Nevertheless, the impact of the attack was very big. A lot of critical systems were affected. "267 locked servers: that meant a lot of people were involved. Moreover, it took several days before we found the infected laptop. It also quickly became clear that if we had to restore our backups and rebuild the remaining systems, we would have months of work."
Tough moral trade-off: ransom paid
Meanwhile, UM contacted the attackers. Because the mail servers had been affected, that communication was through Bart van den Heuvel's personal e-mail address. "We communicated with them very regularly: partly to save time, but also to make sure we were talking to the right party. For the latter reason, we also devised both technical and financial control questions such as making a test payment."
Proprietary analyses to decrypt ransomware
In the week between the attack and the decision to pay the ransom, UM conducted analyses and explored various options. "After 3 days, we managed to set up a new mail server. Its database was not encrypted. The archive system, on the other hand, was not usable: you can do without an archive for a few days, but not for months. Our external partner Fox-IT had managed to unlock one small file, but had taken one night to do so. We knew we would lose a huge amount of valuable time if we followed this option."
Still, the decision to pay the ransom constituted a tough moral consideration for the UM administration. "We did not proceed overnight and thoroughly weighed all interests. After long deliberation, we finally took the decision to pay the ransom anyway in the interest of the continuity of teaching and research at our institution. The fact that teaching and examinations could continue in January without too much disruption and there was little impact on academic research has strengthened our belief that we made the right decision."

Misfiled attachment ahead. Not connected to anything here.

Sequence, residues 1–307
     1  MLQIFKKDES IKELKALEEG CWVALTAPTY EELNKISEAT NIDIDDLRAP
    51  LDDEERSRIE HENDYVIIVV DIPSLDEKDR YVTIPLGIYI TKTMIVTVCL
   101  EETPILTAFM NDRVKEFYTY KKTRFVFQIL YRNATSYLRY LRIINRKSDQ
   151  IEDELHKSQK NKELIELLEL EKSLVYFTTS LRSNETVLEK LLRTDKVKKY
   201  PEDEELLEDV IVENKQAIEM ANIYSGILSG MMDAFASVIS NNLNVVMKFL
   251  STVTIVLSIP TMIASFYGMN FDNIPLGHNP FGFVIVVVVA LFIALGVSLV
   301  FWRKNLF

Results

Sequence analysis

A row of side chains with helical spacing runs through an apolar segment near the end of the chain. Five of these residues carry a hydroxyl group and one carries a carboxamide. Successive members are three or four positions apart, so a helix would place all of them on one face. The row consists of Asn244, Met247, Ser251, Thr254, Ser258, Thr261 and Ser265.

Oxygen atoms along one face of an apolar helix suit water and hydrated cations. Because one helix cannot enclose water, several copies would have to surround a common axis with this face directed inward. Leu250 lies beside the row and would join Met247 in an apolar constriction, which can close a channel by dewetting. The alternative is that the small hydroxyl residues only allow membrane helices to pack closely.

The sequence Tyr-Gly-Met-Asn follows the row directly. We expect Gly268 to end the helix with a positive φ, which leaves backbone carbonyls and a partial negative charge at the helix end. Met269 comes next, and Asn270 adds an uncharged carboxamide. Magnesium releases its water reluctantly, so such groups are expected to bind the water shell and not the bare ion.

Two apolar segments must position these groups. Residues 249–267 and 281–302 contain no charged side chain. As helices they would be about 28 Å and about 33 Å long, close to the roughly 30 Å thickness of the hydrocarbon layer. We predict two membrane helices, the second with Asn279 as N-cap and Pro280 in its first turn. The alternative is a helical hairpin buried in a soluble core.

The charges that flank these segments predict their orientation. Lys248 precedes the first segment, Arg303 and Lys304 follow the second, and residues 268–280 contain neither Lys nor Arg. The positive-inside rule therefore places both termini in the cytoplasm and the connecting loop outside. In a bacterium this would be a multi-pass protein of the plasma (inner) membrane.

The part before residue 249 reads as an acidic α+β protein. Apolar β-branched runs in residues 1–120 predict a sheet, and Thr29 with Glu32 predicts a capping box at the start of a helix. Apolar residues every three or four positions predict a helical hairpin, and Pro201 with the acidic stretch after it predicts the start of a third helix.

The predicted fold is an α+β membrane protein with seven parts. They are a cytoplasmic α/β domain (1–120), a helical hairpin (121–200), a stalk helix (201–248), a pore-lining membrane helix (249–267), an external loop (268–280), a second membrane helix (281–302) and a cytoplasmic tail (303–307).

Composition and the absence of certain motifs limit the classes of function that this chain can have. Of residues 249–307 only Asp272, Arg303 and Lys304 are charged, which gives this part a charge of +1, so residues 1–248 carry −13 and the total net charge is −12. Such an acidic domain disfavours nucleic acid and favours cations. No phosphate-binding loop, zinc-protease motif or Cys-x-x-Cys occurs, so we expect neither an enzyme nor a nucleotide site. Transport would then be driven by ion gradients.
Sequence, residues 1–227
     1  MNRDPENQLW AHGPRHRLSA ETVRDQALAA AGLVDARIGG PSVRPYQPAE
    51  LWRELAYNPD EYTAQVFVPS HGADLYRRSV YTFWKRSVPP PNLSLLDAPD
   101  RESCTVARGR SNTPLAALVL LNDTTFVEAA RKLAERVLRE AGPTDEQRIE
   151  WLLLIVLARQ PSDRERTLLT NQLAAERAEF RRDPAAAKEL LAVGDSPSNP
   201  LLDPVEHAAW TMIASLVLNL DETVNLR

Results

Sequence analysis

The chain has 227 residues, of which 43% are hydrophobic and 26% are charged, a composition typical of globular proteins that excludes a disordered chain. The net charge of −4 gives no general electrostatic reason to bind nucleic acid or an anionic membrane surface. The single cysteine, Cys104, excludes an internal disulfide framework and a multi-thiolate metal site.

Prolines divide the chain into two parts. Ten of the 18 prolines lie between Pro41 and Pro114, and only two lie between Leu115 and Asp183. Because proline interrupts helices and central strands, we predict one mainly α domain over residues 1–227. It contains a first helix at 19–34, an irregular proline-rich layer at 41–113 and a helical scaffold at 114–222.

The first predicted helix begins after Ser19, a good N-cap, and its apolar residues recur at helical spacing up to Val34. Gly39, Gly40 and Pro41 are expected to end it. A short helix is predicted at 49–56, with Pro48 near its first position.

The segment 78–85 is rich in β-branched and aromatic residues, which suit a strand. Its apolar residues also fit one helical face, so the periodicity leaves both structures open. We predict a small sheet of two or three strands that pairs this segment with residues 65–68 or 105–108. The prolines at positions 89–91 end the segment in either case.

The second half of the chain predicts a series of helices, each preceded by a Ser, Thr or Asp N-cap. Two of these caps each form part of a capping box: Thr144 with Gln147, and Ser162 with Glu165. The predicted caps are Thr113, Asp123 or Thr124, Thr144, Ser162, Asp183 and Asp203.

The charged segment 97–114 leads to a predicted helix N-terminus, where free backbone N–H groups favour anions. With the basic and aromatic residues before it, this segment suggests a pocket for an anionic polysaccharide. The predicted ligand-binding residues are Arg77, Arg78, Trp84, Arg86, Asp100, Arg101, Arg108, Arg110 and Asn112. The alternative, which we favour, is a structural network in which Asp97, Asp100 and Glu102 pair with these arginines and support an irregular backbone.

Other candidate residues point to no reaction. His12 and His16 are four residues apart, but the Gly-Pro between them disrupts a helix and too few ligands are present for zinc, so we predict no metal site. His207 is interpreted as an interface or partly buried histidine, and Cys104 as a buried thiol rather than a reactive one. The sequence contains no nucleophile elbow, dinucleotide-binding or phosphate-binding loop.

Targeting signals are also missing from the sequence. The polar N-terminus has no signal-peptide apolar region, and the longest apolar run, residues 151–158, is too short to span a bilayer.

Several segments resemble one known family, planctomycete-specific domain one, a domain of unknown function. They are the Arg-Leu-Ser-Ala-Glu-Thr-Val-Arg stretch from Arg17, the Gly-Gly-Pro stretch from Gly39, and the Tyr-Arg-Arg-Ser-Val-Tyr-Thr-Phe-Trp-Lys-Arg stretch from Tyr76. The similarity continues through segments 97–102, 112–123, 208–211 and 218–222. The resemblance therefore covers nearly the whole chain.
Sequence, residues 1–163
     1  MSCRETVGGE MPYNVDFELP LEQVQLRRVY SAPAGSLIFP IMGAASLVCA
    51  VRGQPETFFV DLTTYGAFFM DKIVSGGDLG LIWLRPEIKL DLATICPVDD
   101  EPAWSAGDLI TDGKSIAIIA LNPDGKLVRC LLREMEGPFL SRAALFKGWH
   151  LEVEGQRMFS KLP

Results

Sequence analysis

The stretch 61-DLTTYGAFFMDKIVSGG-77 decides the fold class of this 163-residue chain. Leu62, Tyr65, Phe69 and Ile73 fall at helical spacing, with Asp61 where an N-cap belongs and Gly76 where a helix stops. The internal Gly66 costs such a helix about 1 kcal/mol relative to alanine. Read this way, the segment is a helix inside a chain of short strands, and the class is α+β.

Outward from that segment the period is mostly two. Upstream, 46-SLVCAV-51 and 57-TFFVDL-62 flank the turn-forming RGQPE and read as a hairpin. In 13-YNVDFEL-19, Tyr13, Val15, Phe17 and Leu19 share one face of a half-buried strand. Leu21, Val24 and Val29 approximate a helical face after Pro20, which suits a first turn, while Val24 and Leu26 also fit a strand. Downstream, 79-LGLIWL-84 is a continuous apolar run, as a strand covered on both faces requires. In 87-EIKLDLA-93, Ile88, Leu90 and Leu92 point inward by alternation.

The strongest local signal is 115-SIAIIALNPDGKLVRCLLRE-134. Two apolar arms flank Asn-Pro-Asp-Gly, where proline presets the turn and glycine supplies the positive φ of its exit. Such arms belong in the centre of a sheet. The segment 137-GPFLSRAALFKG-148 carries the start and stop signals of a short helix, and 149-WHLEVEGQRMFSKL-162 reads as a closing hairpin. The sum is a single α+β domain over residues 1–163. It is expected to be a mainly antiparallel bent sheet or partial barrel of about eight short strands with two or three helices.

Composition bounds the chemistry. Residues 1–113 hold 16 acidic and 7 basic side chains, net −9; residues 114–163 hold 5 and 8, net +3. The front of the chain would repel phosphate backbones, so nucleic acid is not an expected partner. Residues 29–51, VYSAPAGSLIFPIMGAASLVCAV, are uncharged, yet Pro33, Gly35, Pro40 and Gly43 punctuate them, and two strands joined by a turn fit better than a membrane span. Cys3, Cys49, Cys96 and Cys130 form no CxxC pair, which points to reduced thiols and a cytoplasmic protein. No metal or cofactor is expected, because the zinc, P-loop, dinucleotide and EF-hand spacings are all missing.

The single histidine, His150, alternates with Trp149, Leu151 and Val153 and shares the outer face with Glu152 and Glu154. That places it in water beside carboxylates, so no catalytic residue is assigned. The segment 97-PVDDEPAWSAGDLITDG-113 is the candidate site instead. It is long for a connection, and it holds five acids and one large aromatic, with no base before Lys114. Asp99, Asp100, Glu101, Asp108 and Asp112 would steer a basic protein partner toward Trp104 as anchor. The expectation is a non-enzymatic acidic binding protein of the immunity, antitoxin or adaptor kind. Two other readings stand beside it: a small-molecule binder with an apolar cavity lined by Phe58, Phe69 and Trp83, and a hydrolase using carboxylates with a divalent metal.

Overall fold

After unlocking files, in-depth investigation done
Exactly one week after the incident, UM proceeded with payment and the university received the key to unlock the servers. "Naturally, we had further in-depth investigations carried out afterwards. Fox-IT found no evidence of data exfiltration other than the passwords and our network topology. We conducted our own investigation afterwards - which, incidentally, is still ongoing - and came to the same conclusion: no evidence was found that our data had been deleted, modified or disclosed."